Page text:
Joey Potter

“Just because I don’t fit into that place you want me to doesn’t mean there’s not a place for me.”

Joey is easily the most complex character in the DC universe. Equally tough and vulnerable, she is from “the wrong side of the tracks.” Her mother dies of cancer when she is young, and her father is in prison for drug trafficking. Her older sister Bessie raises her, and the family is poor, looked down upon by other members of the community, and — for lack of a better word — kind of white trash. Joey has a complicated, co-dependent relationship with her best friend Dawson, which morphs from adoration to love to hate to friendship and hits every high and low point in between.

Over the course of six seasons, Joey goes from a from scared, prudish little girl desperately afraid of growing up to a successful, independent woman who recognizes and is able to deal with her own downfalls. Throughout the show, Joey is terrified of change, so much so that she contributes to her own self-destruction via her refusal to act. Going along with this, she consistently blames others when things do go wrong (as she expected them to, naturally). The queen of the “worst-case scenario,” when Joey misses an exam during her second year of college, her train of thought goes from “missed exam” to “I’ll be kicked out of school” to “I’ve ruined my entire future” in about five minutes. And yet, when we flash forward in the final episode, Joey has made peace with herself and her OCD tendencies in adulthood.

In the finale, we see that Joey moved to Paris after college. In adulthood, she works as an editor at a New York publishing company, and is happily living with her boyfriend until she returns to Capeside for a wedding and realizes she is meant to be with Pacey Witter. In the end, Joey and Dawson are soul mates — meant for each other, certainly, but not meant to be together in a romantic sense.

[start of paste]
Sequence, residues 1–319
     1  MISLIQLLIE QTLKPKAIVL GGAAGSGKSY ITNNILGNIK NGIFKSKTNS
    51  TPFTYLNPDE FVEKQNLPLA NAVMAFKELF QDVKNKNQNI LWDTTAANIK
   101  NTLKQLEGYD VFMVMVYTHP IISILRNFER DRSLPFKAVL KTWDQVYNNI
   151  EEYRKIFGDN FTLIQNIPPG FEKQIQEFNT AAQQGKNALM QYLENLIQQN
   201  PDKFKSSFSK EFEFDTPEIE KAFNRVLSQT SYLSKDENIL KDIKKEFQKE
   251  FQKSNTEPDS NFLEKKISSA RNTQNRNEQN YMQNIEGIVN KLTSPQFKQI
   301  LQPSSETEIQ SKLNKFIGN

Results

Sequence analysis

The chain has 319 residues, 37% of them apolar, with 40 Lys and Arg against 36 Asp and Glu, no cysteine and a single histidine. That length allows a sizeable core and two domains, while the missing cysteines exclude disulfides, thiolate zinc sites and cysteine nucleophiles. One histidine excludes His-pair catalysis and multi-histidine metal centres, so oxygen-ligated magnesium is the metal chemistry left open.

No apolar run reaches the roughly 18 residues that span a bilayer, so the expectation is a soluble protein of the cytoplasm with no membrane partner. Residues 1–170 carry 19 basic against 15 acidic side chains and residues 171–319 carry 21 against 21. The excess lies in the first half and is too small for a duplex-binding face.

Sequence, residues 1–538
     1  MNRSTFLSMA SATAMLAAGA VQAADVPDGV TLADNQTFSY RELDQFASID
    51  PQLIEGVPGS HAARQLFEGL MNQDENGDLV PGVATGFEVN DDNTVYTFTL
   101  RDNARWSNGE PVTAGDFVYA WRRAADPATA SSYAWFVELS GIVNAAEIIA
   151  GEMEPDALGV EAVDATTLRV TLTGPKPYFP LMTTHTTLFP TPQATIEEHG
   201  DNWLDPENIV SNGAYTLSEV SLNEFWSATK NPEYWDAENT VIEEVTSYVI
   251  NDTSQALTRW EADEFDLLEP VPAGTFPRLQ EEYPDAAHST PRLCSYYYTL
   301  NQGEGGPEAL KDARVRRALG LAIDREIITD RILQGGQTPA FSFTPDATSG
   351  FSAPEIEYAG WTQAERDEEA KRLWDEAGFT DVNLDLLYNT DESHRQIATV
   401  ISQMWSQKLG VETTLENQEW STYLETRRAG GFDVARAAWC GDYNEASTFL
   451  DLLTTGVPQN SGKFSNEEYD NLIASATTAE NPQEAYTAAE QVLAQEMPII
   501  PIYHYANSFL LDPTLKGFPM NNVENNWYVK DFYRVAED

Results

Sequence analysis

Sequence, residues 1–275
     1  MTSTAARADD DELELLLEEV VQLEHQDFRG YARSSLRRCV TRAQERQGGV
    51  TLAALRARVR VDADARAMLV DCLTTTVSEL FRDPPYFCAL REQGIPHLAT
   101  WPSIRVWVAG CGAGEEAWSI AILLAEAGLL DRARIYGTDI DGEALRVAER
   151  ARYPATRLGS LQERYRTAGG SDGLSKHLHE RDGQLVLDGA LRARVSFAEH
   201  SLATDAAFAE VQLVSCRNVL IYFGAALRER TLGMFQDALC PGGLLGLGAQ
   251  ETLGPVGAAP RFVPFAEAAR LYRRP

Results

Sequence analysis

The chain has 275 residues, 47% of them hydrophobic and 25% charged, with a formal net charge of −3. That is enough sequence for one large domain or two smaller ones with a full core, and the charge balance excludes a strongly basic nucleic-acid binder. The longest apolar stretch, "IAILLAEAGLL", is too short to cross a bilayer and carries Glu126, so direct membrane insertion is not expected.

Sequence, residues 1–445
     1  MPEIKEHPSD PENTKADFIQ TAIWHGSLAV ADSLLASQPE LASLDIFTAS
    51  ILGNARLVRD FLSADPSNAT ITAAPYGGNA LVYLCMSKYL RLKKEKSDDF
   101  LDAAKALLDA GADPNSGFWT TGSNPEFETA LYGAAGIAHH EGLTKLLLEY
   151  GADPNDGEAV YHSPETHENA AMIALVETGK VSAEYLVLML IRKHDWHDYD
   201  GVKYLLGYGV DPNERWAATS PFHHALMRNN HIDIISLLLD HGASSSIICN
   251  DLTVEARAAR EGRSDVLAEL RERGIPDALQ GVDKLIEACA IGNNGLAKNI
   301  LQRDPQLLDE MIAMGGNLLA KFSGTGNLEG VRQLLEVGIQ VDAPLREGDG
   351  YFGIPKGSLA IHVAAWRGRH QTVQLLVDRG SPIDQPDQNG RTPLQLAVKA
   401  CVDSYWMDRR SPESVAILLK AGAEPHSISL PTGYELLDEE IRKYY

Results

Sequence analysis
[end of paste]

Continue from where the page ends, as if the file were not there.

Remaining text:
Dawson Leery

“I guess everyone has someone who challenges them and makes them shoot for something just beyond their reach … you’re with me everywhere I go.”

Dawson Leery is an idealistic, romantic film geek who is determined to spend his life making movies in Hollywood. Of all the characters on DC, he has the most stable family life (more on this in Part 2: The Parents of Dawson’s Creek). Dawson’s main problem is that he bases his life largely around another person, and that person is Joey.

After the first season, when Dawson realizes that he has romantic feelings for his best friend, he never, ever gets over her. He is a whiny, self-righteous brat right up until the moment that he faces death for the first time—the death of Mr. Brooks, a friend & film icon, and the death of Dawson’s father, Mitch. Unlike many shows, the death of Dawson’s father is not wrapped up in just a couple of episodes. After Mitch dies, Dawson drops out of USC film school and moves back to Capeside to help his mother care for his newborn sister, and from this moment on Dawson becomes a man. He does not return to school, and ends up working from the ground up as a PA for a director he had met earlier in the show. The shock of real life in Hollywood cements Dawson's character change. He continues to make mistakes, to be sure, but now he actually takes responsibility for them.

In adulthood, Dawson is the creator/director of a popular teen soap called “The Creek,” which is based upon his own life. In the finale, he and Joey finally gain closure in their relationship, with Dawson telling her that he will always love her. They are beyond romance and beyond friendship, and are true soul mates.

Pacey Witter
“Now all I can do is wait for the other shoe to drop. Wait for you to realize what a big mistake you’ve made. Wait for you to realize that I’m just gonna be a big disappointment.”